Q148 Chairman: Mr Richardson, what does it actually say in the CAA requirement?

Mr Richardson: I will have to remember it off the top of my head but there are certain requirements that training needs to be carried out.

Q149 Chairman: But no definition of training, no clear statement of what the modules should be?

Mr Richardson: Clear statements about safety, evacuation procedures, first aid, et cetera, so there are clear stipulations but the method of that training and the manner of that training is left up to the operator and the CAA will grant them a certificate should they effectively have the right methods in place. However, the certificate covers the operation of the entire airline so should they fail in carrying out their training properly they will have to remove the entire operating certificate from the aircraft operator.

Q150 Chairman: But how do they know? At what point do they check on the standards throughout the airline?

Mr Richardson: I believe they have periodic checks but we do not know from week to week whether any individual cabin crew member would meet the requirement for the CAA or not. It would be a big step for the CAA to remove the entire operating certificate because the standards dropped for one month or two months, and that is why we believe a separate qualification for crew which is transferable should be used and could be a better way to maintain standards, because you could then say if these crew have not been trained in the proper way they have to be retrained but it would not jeopardise the entire operation in relation to an airline, and if you could imagine the likes of Virgin and BA having their entire aircraft operator's certificate removed because the training for one, two, three, four months was not up to standard, the consequences of that would be immeasurable, and therefore we believe it is unlikely that the CAA would ever do that.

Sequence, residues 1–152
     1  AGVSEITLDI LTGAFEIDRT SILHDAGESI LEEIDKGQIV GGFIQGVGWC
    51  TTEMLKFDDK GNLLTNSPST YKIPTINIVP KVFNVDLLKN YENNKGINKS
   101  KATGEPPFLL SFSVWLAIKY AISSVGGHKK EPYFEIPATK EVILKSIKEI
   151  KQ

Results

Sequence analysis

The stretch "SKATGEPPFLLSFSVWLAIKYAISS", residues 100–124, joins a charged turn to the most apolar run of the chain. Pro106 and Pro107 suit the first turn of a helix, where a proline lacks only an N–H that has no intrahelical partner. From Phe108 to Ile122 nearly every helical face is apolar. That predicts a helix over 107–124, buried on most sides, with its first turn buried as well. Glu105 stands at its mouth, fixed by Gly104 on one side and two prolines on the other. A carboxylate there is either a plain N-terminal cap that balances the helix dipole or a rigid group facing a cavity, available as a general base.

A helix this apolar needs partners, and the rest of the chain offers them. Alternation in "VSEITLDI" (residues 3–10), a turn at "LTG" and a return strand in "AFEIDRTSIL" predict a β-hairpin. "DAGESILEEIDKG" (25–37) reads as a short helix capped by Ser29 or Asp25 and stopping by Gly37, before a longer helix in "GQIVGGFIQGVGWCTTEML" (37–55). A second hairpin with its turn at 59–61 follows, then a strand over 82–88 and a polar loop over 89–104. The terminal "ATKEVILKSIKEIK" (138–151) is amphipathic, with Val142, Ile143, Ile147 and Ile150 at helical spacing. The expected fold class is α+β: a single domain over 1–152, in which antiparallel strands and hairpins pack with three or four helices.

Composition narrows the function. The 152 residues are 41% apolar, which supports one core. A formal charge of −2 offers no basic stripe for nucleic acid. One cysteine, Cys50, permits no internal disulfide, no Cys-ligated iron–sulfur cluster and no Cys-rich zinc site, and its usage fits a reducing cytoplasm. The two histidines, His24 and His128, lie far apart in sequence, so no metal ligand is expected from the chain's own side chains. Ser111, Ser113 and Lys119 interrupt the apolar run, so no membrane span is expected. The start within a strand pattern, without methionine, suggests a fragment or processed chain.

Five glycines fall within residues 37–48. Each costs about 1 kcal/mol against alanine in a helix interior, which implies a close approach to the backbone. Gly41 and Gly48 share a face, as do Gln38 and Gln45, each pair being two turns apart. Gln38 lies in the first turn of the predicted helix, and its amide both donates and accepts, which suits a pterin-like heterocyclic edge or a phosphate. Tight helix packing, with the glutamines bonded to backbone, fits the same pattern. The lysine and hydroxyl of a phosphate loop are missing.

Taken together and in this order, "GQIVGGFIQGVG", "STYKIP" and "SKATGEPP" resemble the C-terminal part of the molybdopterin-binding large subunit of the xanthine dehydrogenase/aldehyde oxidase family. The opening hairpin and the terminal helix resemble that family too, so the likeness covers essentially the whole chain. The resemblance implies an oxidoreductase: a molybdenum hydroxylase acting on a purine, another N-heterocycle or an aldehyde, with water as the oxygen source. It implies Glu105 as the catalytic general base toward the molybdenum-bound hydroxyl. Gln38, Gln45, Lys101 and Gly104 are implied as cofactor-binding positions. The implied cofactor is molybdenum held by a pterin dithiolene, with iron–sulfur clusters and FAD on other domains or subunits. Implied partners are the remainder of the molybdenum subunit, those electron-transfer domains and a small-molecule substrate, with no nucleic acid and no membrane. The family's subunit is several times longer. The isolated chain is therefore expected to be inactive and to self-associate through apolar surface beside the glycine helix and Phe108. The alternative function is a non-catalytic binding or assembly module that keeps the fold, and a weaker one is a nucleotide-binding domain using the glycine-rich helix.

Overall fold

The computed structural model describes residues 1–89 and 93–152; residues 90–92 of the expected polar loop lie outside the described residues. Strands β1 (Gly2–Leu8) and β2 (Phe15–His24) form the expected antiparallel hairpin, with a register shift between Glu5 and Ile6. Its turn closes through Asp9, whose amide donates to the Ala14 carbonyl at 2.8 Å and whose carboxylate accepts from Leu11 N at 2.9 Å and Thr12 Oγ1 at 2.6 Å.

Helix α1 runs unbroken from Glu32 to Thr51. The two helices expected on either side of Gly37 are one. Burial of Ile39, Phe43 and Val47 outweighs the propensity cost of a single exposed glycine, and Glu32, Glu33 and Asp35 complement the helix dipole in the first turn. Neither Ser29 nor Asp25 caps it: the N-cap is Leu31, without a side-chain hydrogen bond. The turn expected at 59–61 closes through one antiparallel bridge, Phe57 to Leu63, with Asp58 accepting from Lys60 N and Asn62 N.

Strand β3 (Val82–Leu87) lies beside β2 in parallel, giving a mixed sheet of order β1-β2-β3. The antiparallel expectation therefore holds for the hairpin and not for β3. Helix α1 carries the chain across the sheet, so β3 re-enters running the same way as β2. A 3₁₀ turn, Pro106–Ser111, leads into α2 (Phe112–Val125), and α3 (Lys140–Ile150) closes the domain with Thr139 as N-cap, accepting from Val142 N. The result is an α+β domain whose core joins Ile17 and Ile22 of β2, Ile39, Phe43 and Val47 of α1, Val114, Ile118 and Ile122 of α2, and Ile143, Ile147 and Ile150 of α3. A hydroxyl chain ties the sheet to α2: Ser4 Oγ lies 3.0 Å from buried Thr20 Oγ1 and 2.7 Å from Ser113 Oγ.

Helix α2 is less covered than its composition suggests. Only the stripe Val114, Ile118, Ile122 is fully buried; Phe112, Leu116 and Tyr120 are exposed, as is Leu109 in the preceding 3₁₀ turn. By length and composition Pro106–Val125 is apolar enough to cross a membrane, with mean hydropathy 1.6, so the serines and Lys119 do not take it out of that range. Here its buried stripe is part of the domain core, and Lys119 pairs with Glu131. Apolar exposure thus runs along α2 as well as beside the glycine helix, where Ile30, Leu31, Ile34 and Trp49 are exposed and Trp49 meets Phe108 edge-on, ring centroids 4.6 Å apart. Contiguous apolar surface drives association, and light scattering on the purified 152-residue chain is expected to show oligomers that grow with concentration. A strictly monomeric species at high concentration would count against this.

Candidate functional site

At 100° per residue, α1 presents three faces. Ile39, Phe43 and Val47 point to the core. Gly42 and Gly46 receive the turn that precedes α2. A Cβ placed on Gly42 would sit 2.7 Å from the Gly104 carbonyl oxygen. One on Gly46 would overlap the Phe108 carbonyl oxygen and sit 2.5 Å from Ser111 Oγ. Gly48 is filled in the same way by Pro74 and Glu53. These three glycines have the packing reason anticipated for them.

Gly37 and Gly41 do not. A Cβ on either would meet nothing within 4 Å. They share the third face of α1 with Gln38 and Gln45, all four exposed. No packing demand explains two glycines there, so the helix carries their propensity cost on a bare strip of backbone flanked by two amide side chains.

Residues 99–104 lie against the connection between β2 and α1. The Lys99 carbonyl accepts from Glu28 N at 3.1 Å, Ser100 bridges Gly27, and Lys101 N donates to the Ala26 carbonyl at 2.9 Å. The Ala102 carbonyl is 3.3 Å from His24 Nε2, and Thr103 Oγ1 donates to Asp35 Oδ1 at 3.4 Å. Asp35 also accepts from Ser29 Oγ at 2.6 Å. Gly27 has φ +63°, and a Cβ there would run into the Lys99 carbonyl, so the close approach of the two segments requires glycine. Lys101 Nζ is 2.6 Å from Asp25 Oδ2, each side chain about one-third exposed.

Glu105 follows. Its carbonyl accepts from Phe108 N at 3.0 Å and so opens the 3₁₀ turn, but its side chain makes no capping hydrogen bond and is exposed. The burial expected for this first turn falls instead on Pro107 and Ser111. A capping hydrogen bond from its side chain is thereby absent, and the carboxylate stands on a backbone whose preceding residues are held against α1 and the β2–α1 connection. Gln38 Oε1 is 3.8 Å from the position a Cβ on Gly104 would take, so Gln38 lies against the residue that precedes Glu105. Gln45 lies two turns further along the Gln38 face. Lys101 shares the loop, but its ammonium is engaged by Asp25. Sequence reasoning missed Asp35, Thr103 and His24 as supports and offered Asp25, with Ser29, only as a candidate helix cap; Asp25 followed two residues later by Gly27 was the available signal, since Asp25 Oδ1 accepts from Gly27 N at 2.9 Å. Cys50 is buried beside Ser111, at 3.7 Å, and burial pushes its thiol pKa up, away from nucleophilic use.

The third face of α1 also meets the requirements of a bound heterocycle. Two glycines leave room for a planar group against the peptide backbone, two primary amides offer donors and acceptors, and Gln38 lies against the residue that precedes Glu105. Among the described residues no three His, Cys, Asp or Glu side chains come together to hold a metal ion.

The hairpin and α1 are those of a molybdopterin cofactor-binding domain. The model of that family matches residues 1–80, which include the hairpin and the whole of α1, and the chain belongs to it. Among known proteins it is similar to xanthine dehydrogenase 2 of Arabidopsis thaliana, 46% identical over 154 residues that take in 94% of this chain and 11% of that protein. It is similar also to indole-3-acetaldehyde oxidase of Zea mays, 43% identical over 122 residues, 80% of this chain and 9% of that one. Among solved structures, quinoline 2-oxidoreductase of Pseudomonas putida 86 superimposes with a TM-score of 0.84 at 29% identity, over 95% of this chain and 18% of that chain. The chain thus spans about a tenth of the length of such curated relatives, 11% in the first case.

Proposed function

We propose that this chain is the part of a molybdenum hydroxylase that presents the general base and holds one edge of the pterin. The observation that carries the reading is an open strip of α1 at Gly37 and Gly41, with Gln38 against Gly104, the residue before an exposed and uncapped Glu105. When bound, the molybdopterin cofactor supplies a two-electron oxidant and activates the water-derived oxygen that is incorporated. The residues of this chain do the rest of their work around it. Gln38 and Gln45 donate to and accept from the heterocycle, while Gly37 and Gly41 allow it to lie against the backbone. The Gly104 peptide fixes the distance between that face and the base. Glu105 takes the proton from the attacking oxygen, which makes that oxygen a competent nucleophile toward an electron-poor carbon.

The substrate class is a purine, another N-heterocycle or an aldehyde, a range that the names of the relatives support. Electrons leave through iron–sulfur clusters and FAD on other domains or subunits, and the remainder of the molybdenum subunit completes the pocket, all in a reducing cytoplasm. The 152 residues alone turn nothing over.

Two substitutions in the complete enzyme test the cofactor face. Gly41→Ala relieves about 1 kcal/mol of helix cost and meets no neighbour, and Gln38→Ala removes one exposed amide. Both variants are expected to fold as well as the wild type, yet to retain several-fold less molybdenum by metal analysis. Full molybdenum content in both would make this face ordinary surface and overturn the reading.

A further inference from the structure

Q151 Clive Efford: And is it correct that as soon as the wheels leave the tarmac that cabin crew are generally not covered by the Working Time Regulations, health and safety law, or requirements for annual leave?

Mr Richardson: We are currently going through a fairly lengthy legal process when it comes to what they are subject to and what they are not subject to. The problem we have experienced in the past, and we still experience, is the distinction between the CAA and their responsibility, which is precisely for the aircraft when it leaves the tarmac, where they are only responsible for safety. When the aircraft is on the tarmac it is the HSE that is responsible and they are responsible for health and safety, and this is not always married up. There have been some working parties recently which have wanted to marry it up. There is a distinction between the role of the two and therefore all the issues around health - rest breaks, rest periods, et cetera - do not come under health and safety legislation, they come under something else which is effectively European regulation of aviation and the relevant legislation which is JAR-OPS, so it is slightly different from the health and safety legislation that we know and it is also slightly different from the Working Time Directive.

Mr Sealey: There is what they call a sector-specific Directive on Working Time for the civil aviation industry in Europe, and the CAA are responsible for its implementation in the UK, but that normally covers the maximum number of hours working in a year. It is not like the standard Working Time Directive where you have got certain upper limits on hours of working, there is more flexibility in it. The reason it is a sector-specific agreement is that it was agreed between the industrial social partners at the European level at the ETF on behalf of the T&G and other unions who negotiated that agreement.

Q152 Clive Efford: But does this disparity between health and safety and CAA regulations when you are on the tarmac and when you are in the air create any opportunities for loopholes for companies to abuse staff in terms of hours of work and, if so, is there anything that needs to be done to rectify it?